Wetland and Aquatic Research Center
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The pike killifish, native to Mexico and Central America, was one of 13 nonnative fish species that biologists discovered during the two-day Fish Slam in Big Cypress National Preserve, March 22 and 23, 2017.
The desmid family of single-celled green algae are never found in abundance, says USGS biologist Barry Rosen. They inhabit the soft, slightly acidic water of wetlands that depend on rainwater, like Florida’s Arthur R. Marshall Loxahatchee National Wildlife Refuge. They don’t “bloom” en masse, but their presence is an indicator of good water quality. Rosen’s research is...
Boat owners sought protection for their vessels in sheltered Hurricane Hole, but Hurricane Irma sunk and beached many boats, likely damaging corals. Photo: Caroline Rogers, USGS, 2017
This Oaxaca Cave Sleeper is one of thirteen specimens collected from a cave beneath a reservoir on Mexico's Tonto River. It lacks eyes, is unpigmented, and has sensory adaptations characteristic of fish that live in total darkness. Thuis is the holotype, the example used to describe and name this newly identified species. Credit: Howard L. Jelks and Stephen J. Walsh, USGS...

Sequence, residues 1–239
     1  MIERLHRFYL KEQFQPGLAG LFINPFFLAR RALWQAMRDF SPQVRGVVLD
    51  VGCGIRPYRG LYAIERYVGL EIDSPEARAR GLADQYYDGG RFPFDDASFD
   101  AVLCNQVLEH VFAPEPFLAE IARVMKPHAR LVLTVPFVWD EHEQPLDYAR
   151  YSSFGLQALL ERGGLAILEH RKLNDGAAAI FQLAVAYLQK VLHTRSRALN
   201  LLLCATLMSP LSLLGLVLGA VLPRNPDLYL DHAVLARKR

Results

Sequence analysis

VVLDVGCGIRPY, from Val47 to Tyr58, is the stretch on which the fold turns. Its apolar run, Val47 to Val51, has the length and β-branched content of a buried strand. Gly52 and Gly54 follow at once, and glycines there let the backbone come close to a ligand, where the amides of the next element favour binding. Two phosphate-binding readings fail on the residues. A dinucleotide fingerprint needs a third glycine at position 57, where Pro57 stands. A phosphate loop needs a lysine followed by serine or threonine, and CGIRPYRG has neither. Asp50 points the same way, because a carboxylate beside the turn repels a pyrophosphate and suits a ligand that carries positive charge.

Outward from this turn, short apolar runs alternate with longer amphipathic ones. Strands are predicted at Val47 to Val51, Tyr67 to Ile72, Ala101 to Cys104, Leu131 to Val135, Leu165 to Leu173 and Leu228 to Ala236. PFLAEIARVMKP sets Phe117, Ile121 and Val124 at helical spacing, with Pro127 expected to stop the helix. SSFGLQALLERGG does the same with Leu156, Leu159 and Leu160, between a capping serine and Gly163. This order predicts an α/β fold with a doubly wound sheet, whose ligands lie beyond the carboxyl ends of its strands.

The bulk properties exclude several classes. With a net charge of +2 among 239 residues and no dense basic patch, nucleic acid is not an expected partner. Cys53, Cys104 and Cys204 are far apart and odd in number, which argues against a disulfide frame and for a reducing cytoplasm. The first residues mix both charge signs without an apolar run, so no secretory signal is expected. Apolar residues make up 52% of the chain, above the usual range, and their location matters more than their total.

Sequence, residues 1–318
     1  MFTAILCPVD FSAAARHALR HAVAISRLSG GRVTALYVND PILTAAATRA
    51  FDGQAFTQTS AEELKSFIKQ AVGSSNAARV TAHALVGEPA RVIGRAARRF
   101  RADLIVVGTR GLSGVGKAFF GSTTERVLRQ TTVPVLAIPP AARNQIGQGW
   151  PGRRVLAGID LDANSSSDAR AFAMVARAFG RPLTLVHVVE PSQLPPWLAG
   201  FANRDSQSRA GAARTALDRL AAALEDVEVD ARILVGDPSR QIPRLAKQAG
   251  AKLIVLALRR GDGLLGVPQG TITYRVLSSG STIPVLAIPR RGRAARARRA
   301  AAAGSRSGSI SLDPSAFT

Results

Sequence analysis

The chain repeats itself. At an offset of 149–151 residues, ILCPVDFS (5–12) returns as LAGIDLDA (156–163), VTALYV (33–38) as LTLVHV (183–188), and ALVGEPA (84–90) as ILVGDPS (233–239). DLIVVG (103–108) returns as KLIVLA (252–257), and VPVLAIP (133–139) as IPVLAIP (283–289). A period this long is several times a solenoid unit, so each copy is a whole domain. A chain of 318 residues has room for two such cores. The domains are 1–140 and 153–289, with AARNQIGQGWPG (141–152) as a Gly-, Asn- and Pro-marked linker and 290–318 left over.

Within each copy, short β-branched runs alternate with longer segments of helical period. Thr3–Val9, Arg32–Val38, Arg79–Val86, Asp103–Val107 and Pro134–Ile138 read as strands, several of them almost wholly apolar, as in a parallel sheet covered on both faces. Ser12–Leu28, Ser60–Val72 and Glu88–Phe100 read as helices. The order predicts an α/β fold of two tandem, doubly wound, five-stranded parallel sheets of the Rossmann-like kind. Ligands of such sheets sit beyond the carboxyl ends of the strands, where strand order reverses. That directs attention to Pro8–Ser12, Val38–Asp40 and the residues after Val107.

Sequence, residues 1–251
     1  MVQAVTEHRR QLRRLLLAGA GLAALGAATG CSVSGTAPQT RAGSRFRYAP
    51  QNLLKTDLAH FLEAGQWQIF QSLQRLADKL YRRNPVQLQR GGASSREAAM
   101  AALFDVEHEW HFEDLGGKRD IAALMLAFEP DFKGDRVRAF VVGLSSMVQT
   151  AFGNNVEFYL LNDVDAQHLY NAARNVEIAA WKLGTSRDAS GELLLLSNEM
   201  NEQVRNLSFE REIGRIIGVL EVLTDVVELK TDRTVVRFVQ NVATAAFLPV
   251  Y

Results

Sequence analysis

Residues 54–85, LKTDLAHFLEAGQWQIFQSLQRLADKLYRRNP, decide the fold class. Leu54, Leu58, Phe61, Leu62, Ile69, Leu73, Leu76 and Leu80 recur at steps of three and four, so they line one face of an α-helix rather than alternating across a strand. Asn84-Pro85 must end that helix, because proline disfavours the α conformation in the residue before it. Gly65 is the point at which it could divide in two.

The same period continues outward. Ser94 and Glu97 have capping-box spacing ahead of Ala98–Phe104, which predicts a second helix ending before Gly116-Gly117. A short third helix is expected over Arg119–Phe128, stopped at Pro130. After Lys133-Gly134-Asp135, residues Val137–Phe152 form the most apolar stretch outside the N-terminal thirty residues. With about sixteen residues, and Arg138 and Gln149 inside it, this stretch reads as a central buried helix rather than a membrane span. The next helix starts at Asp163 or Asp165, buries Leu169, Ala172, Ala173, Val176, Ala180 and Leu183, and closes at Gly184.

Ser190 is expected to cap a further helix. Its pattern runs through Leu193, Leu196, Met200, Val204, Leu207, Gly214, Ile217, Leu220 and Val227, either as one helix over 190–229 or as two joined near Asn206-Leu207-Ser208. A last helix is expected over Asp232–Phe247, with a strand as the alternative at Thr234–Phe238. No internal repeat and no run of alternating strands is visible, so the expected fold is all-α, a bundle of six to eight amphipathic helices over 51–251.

A laboratory preparation of a Oaxaca Cave Sleeper specimen shows the absence of eyes in this newly identified cavefish species. Credit: Stephen J. Walsh, USGS
Wetlands Reserve Program site in Natchitoches Parish, Louisiana. Ten years ago, this landowner worked with the USDA Natural Resources Conservation Service through the Wetlands Reserve Program to design and construct this slough as part of a plan to restore this field’s natural wetland hydrology.
Wetlands Reserve Program site in St. Landry Parish, Louisiana. Changes in a local river resulted in the landowner’s fields flooding on a regular basis. The landowner worked through the USDA Natural Resources Conservation Service to restore his fields to their natural wetland state.